Presentation on theme: "8.1 Describing Chemical Reactions May 12, 2015. 8.1 Describing Chemical Reactions A chemical reaction is the process by which one or more substances are."— Presentation transcript:
8.1 Describing Chemical Reactions A chemical reaction is the process by which one or more substances are changed into one or more different substances. In any chemical reaction, the original substances are known as the reactants and the resulting substances are known as the products. According to the law of conservation of mass, the total mass of reactants must equal the total mass of products for any given chemical reaction. A chemical equation represents, with symbols and formulas, the identities and relative molecular or molar amounts of the reactants and products in a chemical reaction.
8.1 Describing Chemical Reactions There are four ways to tell if a chemical reaction has taken place: 1. Evolution of energy as heat and light. 2. Production of a gas. 3. Formation of a precipitate. 4. Color change.
8.1 Describing Chemical Reactions The following rules must be satisfied when writing out chemical equations: 1. The equation must represent known facts. All reactants and products must be identified. 2. The equation must contain the correct formulas for the reactants and products.
8.1 Describing Chemical Reactions 3. The law of conservation of mass must be satisfied. The same number of atoms of each element must appear on each side of the chemical equation. A coefficient can be used which is a small whole number that appears in the front of a formula in a chemical equation.
8.1 Describing Chemical Reactions Writing out a chemical equation: Step 1: Write out a word equation. A word equation is an equation in which the reactants and products in a chemical reaction are represented by words. Don’t forget the yield sign and the state of each reactant or product. (Gas, liquid, solid, aqueous) Step 2: Replace the words in the chemical equation with basic formulas. A formula equation represents the reactants and products of a chemical reaction by their symbols or formulas. Step 3: Balance both sides of the equation. Use coefficients to balance both sides of the equation. Make sure you have the same number of atoms of each element on each side of the equation.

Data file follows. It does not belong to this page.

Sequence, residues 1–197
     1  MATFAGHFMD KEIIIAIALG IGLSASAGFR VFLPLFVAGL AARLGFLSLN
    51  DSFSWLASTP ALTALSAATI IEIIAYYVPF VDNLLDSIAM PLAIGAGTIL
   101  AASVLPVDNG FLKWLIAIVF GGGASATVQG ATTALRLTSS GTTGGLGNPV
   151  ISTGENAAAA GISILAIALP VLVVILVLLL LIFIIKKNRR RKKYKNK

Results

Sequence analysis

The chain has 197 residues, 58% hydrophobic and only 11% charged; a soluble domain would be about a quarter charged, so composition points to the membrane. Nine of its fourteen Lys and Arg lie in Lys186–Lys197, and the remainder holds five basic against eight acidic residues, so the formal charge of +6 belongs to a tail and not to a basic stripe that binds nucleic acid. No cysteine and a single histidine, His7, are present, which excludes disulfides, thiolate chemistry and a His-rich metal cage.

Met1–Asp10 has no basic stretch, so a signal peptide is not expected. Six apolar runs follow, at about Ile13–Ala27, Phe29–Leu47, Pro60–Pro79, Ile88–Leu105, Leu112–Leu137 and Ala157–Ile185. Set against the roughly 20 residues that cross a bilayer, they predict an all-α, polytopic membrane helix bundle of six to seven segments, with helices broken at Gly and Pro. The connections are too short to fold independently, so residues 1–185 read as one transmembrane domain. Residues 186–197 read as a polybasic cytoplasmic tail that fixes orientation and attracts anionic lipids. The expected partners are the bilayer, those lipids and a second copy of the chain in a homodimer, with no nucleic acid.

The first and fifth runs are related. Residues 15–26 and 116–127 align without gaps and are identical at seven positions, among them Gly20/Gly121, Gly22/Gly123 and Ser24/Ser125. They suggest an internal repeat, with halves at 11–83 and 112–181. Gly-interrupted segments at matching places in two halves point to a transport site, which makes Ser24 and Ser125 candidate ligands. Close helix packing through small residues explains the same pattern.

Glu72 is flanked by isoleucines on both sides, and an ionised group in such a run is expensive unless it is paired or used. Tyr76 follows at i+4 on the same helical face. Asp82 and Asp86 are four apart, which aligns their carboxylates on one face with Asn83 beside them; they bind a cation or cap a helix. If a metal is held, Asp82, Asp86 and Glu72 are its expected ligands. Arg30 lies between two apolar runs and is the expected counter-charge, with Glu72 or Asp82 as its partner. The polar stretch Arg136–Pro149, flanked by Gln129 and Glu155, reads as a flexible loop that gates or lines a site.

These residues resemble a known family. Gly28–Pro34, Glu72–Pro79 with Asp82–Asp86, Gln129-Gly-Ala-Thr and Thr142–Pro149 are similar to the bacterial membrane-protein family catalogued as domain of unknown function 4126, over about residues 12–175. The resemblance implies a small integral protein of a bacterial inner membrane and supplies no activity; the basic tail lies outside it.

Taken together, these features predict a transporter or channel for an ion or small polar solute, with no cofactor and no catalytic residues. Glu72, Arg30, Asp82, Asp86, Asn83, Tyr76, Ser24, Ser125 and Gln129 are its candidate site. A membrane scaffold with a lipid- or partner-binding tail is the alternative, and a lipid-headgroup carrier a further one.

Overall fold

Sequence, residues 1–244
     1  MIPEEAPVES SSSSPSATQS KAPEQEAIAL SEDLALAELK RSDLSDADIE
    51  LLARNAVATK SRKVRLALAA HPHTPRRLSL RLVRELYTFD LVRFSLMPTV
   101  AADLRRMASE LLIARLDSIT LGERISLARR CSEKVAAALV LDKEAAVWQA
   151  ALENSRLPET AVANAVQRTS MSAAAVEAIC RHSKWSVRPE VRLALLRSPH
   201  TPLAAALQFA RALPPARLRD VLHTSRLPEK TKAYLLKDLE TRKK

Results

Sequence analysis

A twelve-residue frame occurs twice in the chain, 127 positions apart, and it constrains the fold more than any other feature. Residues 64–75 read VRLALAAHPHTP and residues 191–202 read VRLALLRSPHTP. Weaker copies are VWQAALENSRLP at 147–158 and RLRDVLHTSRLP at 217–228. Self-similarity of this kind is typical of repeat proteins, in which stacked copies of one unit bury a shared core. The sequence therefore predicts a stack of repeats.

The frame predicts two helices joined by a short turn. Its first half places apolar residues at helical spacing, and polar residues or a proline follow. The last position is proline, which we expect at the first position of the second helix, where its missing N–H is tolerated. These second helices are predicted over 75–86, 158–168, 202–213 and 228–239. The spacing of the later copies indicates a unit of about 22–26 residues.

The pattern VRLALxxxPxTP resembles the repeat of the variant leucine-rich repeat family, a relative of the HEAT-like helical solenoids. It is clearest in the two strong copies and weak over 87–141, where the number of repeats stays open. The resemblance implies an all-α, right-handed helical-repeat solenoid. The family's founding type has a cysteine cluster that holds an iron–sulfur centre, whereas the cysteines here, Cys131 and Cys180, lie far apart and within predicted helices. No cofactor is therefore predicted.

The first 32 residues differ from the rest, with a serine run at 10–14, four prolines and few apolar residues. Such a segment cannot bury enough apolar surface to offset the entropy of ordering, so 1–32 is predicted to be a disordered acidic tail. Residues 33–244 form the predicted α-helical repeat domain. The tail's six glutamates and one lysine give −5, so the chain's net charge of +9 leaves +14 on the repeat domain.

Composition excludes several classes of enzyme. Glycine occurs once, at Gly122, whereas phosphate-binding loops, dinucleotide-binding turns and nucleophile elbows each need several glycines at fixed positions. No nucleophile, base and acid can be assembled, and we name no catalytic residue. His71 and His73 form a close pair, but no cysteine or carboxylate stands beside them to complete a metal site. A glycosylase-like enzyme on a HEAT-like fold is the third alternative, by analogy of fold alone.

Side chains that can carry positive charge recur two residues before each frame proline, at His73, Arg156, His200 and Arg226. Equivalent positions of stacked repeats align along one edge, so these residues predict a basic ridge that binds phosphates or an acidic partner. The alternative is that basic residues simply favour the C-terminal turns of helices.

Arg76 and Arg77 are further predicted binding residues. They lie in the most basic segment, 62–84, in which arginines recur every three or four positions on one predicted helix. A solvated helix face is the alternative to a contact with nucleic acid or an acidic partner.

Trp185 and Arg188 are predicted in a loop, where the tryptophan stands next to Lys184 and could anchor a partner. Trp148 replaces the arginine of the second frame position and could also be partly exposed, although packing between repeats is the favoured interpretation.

8.1 Describing Chemical Reactions Balancing Tips: Usually the elements of hydrogen and oxygen are balanced LAST. Balance “rare” elements, that is, elements that you have the fewest of in the equation FIRST. Balance atoms of elements that are combined and that appear only once on each side of the equation. Balance polyatomic ions as single units. Don’t confuse coefficients with subscripts which are part of each element or compound. Remember, when you place a coefficient in front of an element or compound that has a subscript, you have to multiply the coefficient by the subscript to get the total number of atoms present. (g) – gas state, (l) – liquid state, (s) – solid state, (aq) – aqueous state. Know what state each product and reactant is in! NO CHARGES!
8.1 Describing Chemical Reactions In many reactions, as soon as the products begin to form, they immediately begin to react with each other and re-form the reactants. In other words, the reverse reaction also occurs. A reversible reaction is a chemical reaction in which the products re- form the original reactants. The reversibility of a reaction is indicated by writing two arrows pointing in opposite directions.
8.1 Describing Chemical Reactions Reactions can also be translated into words from formulas. Consider the following reaction: 2HgO(s) 2Hg(l) + O 2 (g) This reaction can be written as “When heated, solid mercury (II) oxide yield liquid mercury and gaseous oxygen. Remember, when you are writing out word equations, always remember the state each reactant or product is in.
8.1 Describing Chemical Reactions Sample Problems: Write word and formula equations for hydrogen peroxide in an aqueous solution that decomposes to produce oxygen and water. Write word and formula equation for when solid zinc metal reacts with aqueous copper sulfate to produce solid copper metal and aqueous zinc sulfate.
8.1 Describing Chemical Reactions Translate the following equation into sentences: 2ZnO(s) + C(s) 2Zn(s) + CO 2 (g) Na 2 O(s) + 2CO 2 (g) + H 2 O(g) 2NaHCO 3 (s) Write a balanced chemical equation for each: Nitrogen dioxide gas reacts with water to form aqueous nitric acid and nitrogen monoxide gas. Solid potassium chlorate decomposes to form solid potassium chloride and oxygen gas.